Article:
An older woman sits with her face in her hands, looking visibly stressed.
Pandemic related stress is a very real and tangible thing; luckily, it can be reversed! Image courtesy of heart.org.  



1. Reward yourself!

One of the best ways to feel like you are actually making progress is the process of self-rewarding. While the practice may seem juvenile to some, it actually has a myriad of benefits. However, do not feel like you have to run a marathon or complete over-the-top acts of charitable service in order to feel good about what you’re doing. Tasks and things as simple as taking a long, peaceful walk after a tiring workday or ordering delivery from your favorite restaurant can be enough to make you feel like you are doing great!


2. Journal

You have probably been given this advice a hundred times over by now, but this guidance is repeated so frequently for a reason! Journaling can help you make sense of your thoughts and emotions, which is likely to become an essential skill in the future due to the craziness of the past year. In addition, journaling can also help you boost your own mood. Putting your thoughts down onto paper (or a Word document, or your phone’s note app if that’s what you prefer) can make you feel less alone with your thoughts and lend validity to all of the things you’re feeling. Try writing down a list of all the things big and small you are grateful for and see how you feel!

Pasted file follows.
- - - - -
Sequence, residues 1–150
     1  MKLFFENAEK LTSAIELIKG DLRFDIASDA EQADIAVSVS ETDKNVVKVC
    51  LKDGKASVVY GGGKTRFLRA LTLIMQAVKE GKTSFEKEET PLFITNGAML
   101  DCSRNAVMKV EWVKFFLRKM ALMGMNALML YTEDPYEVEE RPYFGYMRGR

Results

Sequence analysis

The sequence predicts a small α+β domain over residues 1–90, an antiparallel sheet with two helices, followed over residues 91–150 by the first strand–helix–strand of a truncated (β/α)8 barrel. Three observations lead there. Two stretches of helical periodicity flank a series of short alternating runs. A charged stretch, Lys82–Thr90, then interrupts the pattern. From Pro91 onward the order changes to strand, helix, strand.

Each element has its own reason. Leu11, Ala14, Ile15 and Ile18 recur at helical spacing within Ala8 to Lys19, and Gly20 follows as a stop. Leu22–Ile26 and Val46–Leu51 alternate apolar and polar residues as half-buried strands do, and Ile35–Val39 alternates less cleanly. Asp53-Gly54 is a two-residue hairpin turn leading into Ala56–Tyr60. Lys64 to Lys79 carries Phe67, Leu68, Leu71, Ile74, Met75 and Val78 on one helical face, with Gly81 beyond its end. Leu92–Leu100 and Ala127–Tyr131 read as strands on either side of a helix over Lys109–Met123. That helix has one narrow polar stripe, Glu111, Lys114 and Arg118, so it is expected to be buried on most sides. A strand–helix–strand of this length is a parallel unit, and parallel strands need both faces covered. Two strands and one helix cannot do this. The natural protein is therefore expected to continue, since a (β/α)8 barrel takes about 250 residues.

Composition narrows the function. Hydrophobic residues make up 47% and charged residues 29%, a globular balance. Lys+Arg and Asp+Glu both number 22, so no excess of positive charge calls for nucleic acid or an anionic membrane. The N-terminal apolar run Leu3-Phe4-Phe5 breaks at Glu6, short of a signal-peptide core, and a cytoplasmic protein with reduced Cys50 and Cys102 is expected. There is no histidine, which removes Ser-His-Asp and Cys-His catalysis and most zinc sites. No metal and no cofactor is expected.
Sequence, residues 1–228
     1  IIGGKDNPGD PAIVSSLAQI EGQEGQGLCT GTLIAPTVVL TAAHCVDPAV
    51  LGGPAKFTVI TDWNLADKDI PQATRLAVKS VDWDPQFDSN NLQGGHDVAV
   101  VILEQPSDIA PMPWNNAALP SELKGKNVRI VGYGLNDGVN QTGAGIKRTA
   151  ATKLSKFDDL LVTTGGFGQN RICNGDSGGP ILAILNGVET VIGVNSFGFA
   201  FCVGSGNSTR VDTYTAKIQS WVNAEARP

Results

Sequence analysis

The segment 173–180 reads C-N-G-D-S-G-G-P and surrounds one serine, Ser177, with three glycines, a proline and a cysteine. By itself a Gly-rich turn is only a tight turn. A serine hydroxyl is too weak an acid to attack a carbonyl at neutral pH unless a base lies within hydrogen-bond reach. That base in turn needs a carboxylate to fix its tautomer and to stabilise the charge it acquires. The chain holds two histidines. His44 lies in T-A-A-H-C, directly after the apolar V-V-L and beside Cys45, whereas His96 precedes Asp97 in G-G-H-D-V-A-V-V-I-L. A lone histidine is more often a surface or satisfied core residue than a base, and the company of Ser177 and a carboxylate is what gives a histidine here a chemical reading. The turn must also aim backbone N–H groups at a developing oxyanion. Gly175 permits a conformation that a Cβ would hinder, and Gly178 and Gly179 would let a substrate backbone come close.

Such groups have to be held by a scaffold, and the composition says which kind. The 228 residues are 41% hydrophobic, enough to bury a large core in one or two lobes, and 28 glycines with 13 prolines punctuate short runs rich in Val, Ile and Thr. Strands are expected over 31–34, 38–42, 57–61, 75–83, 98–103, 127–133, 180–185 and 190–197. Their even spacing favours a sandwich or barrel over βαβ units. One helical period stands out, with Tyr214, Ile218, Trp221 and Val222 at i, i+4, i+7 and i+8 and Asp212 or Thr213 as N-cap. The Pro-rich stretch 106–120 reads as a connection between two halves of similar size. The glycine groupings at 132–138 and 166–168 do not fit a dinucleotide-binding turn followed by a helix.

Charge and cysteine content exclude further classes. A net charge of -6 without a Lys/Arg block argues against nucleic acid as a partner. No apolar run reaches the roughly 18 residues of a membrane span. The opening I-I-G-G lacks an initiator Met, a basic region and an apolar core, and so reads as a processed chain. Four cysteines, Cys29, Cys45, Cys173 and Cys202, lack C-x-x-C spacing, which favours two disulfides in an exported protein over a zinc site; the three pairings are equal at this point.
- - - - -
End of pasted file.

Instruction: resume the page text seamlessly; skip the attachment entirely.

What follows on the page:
3. Exercise

No, I’m not saying you have to turn into a gym-monkey. But you don’t have to hit the machines every day of the week to reap the rewards of frequent exercise. Any type of physical movement can stimulate the chemicals in your brain to help you relieve stress and let go of some tension. If you feel like joining the gym, that’s great! But if you don’t, doing some light cardio around your neighborhood or some moderate yoga stretches at home can fulfill this purpose to the same effect.



4. Step away from the screen

This is probably the piece of advice that is the hardest to follow through on. With technology and social media dominating almost every aspect of our lives, it can be hard to put down our devices sometimes. Purposefully ignoring your phone or emails for a period of time can be especially difficult for people who like to keep themselves updated on the constantly changing news cycle. It has been documented that the near-constant use of social media can lead to depression, and the crazy news stories can lead to an even worse sense of feeling out of control. Do yourself a favor and limit your screen time!




Surviving pandemic burnout is not an impossible task! It is no secret that living in these unprecedented times can trigger stress and anxiety in even the most level-headed of people, and it is an admittedly difficult task. But fear not! If you take the time to care for yourself, and recognize that you will push through this, you will be tackling all of your pandemic related burnout in no time!